"I started to do this in different forms before CADFA but I was a part of a larger movement in Palestine advocacy. One trigger point was after returning from Palestine in August 2000, just before the Second Intifada. Things were just so bad that I couldn't not do something."

By then, Nandita was juggling her own life, family life and activism as she got together with a group of others, mainly mothers like herself who set out to change UK public opinion on Palestine.

"We did monthly pickets outside of supermarkets and wrote lots of letters to organisations; but to us, we wanted to speak to young people so we reached out to schools," Nandita said.

"The only problem was that we were often turned down by schools because people kept saying Palestine was too 'political'."

By 2003, the idea of partnering with a school in Palestine emerged, connecting students from a Palestinian city with students in London's Camden district. After trying to pick a city, the group chose to partner with students in Abu Dis, a neighbourhood on the outskirts of Jerusalem - paving the way for the birth of CADFA on 9 December.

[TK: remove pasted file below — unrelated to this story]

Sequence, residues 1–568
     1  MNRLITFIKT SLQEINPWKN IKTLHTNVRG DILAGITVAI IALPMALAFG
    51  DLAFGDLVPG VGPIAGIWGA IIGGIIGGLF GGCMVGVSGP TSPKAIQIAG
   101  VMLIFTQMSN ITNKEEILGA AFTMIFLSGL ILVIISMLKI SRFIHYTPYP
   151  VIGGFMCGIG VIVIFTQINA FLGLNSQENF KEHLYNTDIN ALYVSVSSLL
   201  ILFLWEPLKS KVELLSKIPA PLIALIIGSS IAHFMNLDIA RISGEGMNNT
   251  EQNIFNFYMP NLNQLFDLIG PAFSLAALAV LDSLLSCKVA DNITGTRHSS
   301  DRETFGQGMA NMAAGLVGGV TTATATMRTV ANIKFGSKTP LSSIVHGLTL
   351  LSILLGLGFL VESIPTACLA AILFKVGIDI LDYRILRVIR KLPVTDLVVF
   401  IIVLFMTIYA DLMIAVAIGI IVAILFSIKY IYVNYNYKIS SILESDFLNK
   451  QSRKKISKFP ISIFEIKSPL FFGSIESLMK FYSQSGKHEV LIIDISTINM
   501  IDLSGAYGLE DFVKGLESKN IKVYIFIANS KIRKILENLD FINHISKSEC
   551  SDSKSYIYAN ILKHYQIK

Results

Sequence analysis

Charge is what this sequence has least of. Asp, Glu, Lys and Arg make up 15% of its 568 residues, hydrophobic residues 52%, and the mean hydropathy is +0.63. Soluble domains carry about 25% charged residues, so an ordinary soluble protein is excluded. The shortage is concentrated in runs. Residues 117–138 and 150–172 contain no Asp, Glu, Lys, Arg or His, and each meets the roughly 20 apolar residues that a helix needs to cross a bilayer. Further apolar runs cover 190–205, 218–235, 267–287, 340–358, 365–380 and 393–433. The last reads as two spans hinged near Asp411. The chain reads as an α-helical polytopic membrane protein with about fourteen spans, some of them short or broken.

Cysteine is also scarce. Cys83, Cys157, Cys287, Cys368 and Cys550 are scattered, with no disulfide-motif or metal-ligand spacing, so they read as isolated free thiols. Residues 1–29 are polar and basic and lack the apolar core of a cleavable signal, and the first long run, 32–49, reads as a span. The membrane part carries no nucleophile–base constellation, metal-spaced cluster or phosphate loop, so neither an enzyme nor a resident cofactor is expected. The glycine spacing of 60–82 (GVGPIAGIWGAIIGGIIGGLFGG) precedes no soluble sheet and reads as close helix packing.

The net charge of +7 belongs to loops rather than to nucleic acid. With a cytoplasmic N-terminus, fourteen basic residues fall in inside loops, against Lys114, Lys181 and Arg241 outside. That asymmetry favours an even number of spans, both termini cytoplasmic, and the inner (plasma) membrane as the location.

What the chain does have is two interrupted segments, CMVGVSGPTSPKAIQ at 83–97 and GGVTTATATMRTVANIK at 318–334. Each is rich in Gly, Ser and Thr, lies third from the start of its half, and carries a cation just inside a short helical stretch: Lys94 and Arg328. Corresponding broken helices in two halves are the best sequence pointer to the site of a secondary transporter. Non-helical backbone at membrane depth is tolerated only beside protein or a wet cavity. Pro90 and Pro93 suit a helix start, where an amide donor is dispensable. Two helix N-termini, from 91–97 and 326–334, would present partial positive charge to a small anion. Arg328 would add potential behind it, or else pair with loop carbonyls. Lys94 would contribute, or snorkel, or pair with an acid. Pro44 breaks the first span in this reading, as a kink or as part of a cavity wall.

Rising above the challenges

"It was overwhelming at first because in Abu Dis, they were taking the matter very seriously. They thought we would have the capacity to donate a lot of money to them, but at the time our capacity was very limited," Nandita explained.

"We were just a group of activists who were trying to do their bit in increasing solidarity. We managed to keep good relations with those in Abu Dis but we did have to go through a process of levelling out expectations and abilities," she added.

There was also the matter of those in Palestine trying to figure out the Palestinian political affiliation of CADFA, when in reality, it had none.

"When we set CADFA up, we had no expectations for the future. We've always just dealt with everything in its presence and managed to sustain our organisation and grow. I had no idea we would become what we are within 15 years."

Since being set up, CADFA has managed to bring Palestinian students on trips to the UK for them to meet with their counterparts, sponsored trips for British citizens, including British Palestinians, to Palestine, funded schools and civic structures, published a number of books and learning resources, all while staying true to its aim of upholding pro-Palestine advocacy in the UK.

British Palestinians reconnecting with their roots